Edward Vining UGL Graduate Image

Edward Vining

Swinburne University of Technology
Graduate Electrical Engineer
Edward studied Bachelor of Electrical Engineering, Swinbourne University

1) What's your job about?

UGL is currently commissioning the Malabar Waste Water Treatment Facility, which includes all control systems, instrumentation, greenfield/ brownfield works and upgrades.

I’m currently involved in the SCADA system implementation. As this is a pre-existing facility, we’re contracted to cut over all processes onto the SCADA network without interrupting operation. My daily workload consists of liaising with tradesmen, operators and managers; to ensure there are no implications or disruptions. While working alongside control system engineers, our role is to replicate control system logic, programme PLCs as well as create documentation and specifications; such as FDS’s, permits and safety bulletins. To effectively achieve this; planning, coordination and safety are our primary objectives.    

What we are doing is logically very simple; however ensuring the hardware across the network is communicating correctly becomes rather difficult. Prior to starting my career as a graduate, I had a limited understanding of network protocols and programming hardware. Working on site has allowed me to understand these concepts first hand by allowing me to learn from my mistakes and see the equipment in operation.

You get a whole new appreciation for networking when you see those little ‘comms’ lights flashing away indicating a healthy signal.

2) What's your background?

Start with: Where did you grow up?Born in South Africa and moved to Melbourne in 2002 before I moved to Sydney in 2015.

List the most important stages of your life: 

School: Box Hill High School

Education: Degree in Electrical and Electronic Engineering.

Experience Abroad: International athletic experience – travelled to Europe to compete on the European Athletics Circuit.

Job:

2011 – 2015: Engineering Intern at Cummins Inc. in the Power Generation business.

2015 – 2016: Joined the UGL Engineering Graduate Program

3) How did you get to your current job position and for how long have you being doing it already?

UGL graduate program is a 3 year rotational program that allows graduates to experience all parts of the business. Since starting with UGL I’ve been a part of the design team that worked on the North West Rail Link project, Bids and Estimating team that focused on securing projects and opportunities and recently I’ve joined the Commissioning team where I’ll be stationed for the next 6 months.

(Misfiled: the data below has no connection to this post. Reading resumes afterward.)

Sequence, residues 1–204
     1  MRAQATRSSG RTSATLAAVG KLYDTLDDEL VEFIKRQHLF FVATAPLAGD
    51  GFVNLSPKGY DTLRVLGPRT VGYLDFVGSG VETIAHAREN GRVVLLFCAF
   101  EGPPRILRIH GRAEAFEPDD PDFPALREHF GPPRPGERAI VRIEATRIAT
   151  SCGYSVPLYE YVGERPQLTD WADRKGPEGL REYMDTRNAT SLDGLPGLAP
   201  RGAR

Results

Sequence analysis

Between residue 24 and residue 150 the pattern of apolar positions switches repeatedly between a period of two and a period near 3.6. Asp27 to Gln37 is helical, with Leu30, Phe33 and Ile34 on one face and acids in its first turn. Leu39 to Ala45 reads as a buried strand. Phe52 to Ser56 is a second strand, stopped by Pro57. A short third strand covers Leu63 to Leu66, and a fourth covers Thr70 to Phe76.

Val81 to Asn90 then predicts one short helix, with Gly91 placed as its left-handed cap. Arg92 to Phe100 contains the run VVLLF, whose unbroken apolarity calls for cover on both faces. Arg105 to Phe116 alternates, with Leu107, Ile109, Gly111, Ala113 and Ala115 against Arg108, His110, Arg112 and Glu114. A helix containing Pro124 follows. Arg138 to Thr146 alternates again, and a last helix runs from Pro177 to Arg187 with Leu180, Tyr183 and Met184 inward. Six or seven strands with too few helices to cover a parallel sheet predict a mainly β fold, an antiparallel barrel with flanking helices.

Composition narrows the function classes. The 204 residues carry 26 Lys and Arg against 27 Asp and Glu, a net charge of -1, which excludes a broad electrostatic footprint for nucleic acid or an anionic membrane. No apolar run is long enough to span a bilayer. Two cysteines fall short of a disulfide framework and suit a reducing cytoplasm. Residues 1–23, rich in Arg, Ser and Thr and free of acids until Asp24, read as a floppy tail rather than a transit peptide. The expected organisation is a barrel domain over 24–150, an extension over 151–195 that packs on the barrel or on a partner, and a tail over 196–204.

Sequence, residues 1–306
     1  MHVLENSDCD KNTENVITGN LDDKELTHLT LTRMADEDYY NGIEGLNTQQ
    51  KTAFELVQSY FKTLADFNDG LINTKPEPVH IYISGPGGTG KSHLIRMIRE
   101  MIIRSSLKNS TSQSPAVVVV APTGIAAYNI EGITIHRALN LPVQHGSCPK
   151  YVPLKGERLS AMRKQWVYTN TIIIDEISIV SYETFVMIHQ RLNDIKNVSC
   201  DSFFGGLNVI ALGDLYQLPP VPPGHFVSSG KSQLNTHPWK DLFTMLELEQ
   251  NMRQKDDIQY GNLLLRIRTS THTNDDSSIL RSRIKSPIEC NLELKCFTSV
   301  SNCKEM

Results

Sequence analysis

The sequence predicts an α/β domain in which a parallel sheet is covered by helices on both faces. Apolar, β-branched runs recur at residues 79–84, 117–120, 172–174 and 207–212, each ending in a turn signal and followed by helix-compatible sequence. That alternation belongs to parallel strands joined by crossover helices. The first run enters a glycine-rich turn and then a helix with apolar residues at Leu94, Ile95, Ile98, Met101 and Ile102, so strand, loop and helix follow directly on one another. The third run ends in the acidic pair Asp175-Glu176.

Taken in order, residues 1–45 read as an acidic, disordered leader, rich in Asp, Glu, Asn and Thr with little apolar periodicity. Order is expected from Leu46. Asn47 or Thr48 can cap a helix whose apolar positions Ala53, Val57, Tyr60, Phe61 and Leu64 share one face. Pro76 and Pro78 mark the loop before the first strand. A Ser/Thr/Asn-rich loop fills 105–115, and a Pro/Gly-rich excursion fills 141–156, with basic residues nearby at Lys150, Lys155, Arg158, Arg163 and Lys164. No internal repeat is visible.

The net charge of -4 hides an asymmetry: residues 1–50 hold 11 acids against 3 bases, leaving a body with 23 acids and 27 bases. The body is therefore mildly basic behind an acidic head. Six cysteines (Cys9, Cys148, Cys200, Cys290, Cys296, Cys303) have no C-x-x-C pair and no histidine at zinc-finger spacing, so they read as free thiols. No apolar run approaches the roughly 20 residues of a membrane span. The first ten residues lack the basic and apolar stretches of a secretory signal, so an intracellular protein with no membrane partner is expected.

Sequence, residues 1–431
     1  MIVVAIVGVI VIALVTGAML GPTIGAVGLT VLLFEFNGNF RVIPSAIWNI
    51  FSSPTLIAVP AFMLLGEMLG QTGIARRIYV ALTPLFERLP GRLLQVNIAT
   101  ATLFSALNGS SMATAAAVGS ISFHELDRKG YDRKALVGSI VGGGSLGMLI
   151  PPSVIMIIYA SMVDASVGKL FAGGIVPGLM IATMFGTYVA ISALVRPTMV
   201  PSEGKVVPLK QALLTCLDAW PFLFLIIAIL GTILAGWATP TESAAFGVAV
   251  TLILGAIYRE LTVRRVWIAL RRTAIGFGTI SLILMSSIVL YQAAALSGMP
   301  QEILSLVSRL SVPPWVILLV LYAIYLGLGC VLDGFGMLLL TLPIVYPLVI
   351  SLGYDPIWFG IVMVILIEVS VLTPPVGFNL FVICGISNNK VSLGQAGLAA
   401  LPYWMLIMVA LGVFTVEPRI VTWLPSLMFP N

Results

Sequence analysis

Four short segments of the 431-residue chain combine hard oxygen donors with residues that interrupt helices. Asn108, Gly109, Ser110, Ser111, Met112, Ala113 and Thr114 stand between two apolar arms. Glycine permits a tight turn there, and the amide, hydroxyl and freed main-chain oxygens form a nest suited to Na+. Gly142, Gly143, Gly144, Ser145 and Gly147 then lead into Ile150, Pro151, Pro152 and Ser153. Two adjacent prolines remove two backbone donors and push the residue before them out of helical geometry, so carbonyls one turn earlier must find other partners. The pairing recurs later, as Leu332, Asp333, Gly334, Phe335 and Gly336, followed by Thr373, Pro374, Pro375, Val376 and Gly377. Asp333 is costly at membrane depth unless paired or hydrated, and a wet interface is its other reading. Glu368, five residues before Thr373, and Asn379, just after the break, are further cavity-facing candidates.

My family have played an extremely important role of who I am today. My father is an electrical engineer who immigrated to Australia to give my sisters and I the same opportunities. Today, we’re a family of engineers with my sisters currently completing their chemical and biomedical engineering degrees.

Track and field has also been a major contributor to who I am today. Not only has it allowed me to travel the world, but it has also given me the core values to be a successful engineer. Training twice a day, most days requires a certain level of determination and motivation, which can complement most engineering values.

4) Could someone with a different background do your job?

Yes, I have no doubt someone with a different background might be able to do my job. They might approach the task differently, but the end result will always need to be the same. Working in a team of engineers with different backgrounds provides some variety and allows us to have a discussion about the best possible solution.

An engineer not only needs to be able to problem solve, but needs to be able to do it effectively. When commissioning; patience, determination and being able to learn from mistakes are crucial characteristics required to get the job done.

5) What's the coolest thing about your job?

I love feeling like I’m making a real difference; even if it’s starting on the non-critical items as a graduate engineer: like programming the ventilation fans and hot water systems at the water treatment plant. I know that at the end of the day I’ve made a significant contribution to the facility functioning correctly and that as time goes on and I gain more valuable experience, the responsibilities will only grow.

6) What are the limitations of your job?

As a graduate I expect we’re hired for our ‘fresh out of the box’ minds that have not been corrupted by particular engineering norms. We’re not hired to take on large amounts of responsibility without suitable guidance to do so. While the responsibility may not be a heavy burden, the expectation to work hard and make sacrifices to ensure the work gets done is. The biggest limitation in my job is time. Being able to effectively complete tasks under time constraints can be demanding but having great time management and organisational skills can improve your chances of not working weekends.

7) 3 pieces of advice for your teenage self...

  • Don’t be afraid to make mistakes – Rather have tried and failed than to not have tried at all. Some of the most successful people are the ones that have learned from their mistakes.
  • Make the most of opportunities – You never know where that particular path might take you. When an opportunity presents itself, make the most of it. You never know when it’ll present itself again.
  • Don’t stress – Throughout High School and University there is so much pressure placed on students to excel or else they’ll miss out. If you enjoy what you are doing, the passion and determination to succeed will follow